Rare screening of Kuleshov's The Death Ray at Light Industry, introduced by Keith Sanborn (9/8)

From: Thomas Beard (email suppressed)
Date: Fri Sep 04 2009 - 05:48:03 PDT

Light Industry
220 36th Street, 5th Floor
Brooklyn, New York

The Death Ray
Lev Kuleshov (1925)
Tuesday, September 8, 2009 at 7:30pm
Introduced by Keith Sanborn

Lev Vladimirovich Kuleshov is the Janus Face of early Russian Cinema. Having
begun his career under the tutelage of Evgenii Bauer, Kuleshov became one of
the few Russian Filmmakers to remain in the country after the 1917
Revolution. He became a leading theorist and teacher of cinema in the early
Soviet period. His theory of editing, which rests on notions such as
³creative geography² and what has come to be called ³the Kuleshov effect²
remains a cornerstone of film editing. His theoretical understanding of
montage was strongly critiqued by his student Eisenstein as ³brick by brick²
instead of ³the collision of the shots² preferred by Eisenstein. Vertov
attacked Kuleshov for remaining tied to film drama, ³the opium of the
masses.² Both Vertov and Eisenstein singled out The Death Ray for attack in
print, nor does it seem to have been particularly popular with Soviet
audiences of the period.

The Death Ray was Kuleshov¹s second feature length project; he had
previously directed several newsreels and short fiction films as well as the
justly celebrated Mr. West in the Land of the Bolsheviks (1924). The Death
Ray is an attempt to turn cartoonlike American adventure, science fiction
and detective films to propagandistic purposes. It features a secret
laboratory, secret passage ways, secret codes, secret compartments, labor
unrest, car and airplane chases, as well as a mysterious American ³fascist²
organization, a lady sharpshooter (played by Khokhlova, Kuleshov¹s wife) who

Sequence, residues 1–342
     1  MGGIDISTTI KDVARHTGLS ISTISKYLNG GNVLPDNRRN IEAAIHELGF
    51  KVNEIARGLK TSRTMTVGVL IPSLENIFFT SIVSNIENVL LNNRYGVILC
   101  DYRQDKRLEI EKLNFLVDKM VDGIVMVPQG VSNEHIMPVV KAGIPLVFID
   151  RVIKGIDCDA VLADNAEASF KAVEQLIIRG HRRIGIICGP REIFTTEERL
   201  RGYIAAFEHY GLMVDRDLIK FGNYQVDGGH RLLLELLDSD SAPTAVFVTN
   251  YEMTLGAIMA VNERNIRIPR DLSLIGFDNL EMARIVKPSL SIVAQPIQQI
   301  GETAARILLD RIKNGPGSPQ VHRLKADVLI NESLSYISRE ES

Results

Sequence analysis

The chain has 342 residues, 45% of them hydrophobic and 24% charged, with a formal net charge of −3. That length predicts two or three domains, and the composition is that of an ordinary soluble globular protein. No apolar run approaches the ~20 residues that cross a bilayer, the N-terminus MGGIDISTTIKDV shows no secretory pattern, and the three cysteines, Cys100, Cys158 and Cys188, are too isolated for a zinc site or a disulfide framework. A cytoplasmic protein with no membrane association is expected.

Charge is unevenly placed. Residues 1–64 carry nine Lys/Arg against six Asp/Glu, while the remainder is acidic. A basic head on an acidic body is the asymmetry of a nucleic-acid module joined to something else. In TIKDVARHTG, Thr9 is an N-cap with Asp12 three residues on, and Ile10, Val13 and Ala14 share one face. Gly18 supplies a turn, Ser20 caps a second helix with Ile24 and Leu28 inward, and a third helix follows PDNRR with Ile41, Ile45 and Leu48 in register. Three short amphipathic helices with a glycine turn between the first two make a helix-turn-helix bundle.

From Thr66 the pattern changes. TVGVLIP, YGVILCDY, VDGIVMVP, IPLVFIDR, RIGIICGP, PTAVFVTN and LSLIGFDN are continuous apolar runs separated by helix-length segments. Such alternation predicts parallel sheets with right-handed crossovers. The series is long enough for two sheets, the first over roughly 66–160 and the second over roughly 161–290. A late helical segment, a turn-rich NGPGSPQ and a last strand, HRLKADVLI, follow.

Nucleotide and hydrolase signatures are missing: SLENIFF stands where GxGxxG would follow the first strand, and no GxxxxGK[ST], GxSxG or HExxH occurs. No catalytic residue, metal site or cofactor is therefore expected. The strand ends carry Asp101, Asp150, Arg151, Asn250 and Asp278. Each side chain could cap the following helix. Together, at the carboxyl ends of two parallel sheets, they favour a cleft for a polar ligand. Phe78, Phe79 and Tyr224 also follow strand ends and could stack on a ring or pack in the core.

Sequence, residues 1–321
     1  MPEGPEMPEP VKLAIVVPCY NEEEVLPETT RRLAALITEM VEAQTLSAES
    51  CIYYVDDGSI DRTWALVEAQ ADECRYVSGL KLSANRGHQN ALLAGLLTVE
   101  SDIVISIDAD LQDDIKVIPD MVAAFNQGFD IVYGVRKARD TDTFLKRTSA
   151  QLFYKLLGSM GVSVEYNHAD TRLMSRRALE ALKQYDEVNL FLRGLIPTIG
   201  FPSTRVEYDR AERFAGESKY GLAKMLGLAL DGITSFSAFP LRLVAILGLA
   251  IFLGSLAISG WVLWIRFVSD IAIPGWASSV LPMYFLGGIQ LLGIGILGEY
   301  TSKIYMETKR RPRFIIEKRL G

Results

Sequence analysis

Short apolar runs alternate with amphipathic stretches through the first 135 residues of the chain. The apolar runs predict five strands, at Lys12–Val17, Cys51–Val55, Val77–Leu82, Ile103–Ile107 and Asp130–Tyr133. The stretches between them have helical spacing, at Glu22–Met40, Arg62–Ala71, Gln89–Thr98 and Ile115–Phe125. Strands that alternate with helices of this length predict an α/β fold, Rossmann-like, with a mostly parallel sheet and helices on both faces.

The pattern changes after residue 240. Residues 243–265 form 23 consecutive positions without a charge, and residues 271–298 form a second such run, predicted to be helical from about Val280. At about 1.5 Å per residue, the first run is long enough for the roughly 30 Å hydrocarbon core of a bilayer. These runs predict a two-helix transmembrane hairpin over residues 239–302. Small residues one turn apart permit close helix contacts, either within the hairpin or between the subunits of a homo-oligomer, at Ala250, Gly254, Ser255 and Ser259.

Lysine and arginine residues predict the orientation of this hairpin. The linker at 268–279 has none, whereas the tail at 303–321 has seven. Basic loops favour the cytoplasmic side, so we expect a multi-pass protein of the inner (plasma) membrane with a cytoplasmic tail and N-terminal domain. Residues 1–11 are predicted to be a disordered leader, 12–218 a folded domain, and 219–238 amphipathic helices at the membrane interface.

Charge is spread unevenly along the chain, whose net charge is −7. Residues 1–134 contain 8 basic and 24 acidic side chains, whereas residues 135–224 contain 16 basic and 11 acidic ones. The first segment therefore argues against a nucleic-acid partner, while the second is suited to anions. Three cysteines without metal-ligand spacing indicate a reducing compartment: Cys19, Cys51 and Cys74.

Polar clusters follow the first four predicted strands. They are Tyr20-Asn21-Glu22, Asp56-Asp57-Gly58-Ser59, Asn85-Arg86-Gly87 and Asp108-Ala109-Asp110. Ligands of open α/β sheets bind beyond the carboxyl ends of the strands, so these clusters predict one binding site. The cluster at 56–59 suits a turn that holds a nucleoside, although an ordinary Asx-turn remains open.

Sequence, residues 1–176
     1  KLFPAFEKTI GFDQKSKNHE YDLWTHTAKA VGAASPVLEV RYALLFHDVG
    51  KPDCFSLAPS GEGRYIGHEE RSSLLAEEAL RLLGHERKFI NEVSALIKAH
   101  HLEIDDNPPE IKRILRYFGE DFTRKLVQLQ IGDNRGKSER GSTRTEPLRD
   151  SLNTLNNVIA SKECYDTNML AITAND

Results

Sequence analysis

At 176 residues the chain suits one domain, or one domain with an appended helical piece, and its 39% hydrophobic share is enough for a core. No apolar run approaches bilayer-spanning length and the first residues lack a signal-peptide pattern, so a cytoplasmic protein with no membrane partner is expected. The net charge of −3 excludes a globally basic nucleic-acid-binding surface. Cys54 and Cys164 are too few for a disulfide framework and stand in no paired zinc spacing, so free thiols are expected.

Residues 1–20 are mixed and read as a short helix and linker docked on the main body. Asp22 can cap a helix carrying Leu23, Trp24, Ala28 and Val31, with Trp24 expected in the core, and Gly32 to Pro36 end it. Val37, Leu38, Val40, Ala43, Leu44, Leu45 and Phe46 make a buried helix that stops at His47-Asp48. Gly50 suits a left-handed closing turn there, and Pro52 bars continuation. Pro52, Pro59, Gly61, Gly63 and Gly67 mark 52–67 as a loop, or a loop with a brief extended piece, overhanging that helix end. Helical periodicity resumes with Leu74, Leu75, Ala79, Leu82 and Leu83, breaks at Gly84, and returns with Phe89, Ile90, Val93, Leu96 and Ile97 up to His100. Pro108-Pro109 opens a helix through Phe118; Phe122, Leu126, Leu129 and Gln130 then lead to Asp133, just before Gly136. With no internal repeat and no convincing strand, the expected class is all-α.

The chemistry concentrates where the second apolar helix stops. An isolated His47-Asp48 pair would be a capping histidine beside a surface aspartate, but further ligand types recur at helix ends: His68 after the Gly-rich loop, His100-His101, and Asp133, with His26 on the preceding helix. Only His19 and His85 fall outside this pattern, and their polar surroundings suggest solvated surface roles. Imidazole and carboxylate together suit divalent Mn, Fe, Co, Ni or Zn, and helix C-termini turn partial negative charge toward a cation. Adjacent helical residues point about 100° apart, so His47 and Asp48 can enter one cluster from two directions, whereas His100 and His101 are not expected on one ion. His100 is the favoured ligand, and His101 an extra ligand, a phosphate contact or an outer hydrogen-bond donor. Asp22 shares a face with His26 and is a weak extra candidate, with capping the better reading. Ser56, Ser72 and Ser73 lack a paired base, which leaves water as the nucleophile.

travels back and forth between Russia and ³the West,² a mysterious American
Revolutionary named Lamm (who also travels back forth between Russia and the
West), and of course the Death Ray itself. It is said, that in the Soviet
Union, the film was seen as not propagandistic enough. Perhaps. In any case,
it reveals the profound influence of contemporary American cinema on the
early Soviet period and the aggressive attempt to create a Soviet reading of
the essentials of the genres dominating American Cinema at the time.

The Death Ray has been, at best, infrequently screened in the United States.
I could find only one record of a screening in the 1970s at the PFA, who
holds a 35mm print with Russian subtitles. I had never seen the film, nor
had anyone I asked, until I came across what seems to be a PAL vhs dub
digitized at moderate resolution and posted online, but without English
subtitles. The film will be presented this evening with English subtitles
(my translation) superimposed on the original Russian intertitles. My
translation diverges slightly from the translation of the subtitles held by
the PFA. A final note: since the climactic final reel is missing from all
known prints, we will see the death ray device only briefly in action. - KS

Keith Sanborn is a media artist, theorist, and translator based in New York.
He teaches at Princeton University and Bard College, and has translated into
English the work of Guy Debord, René Viénet, Gil Wolman, Georges Bataille,
and Napoleon.

Tickets - $7, available at door.

For info on FrameWorks, contact Pip Chodorov at <email suppressed>.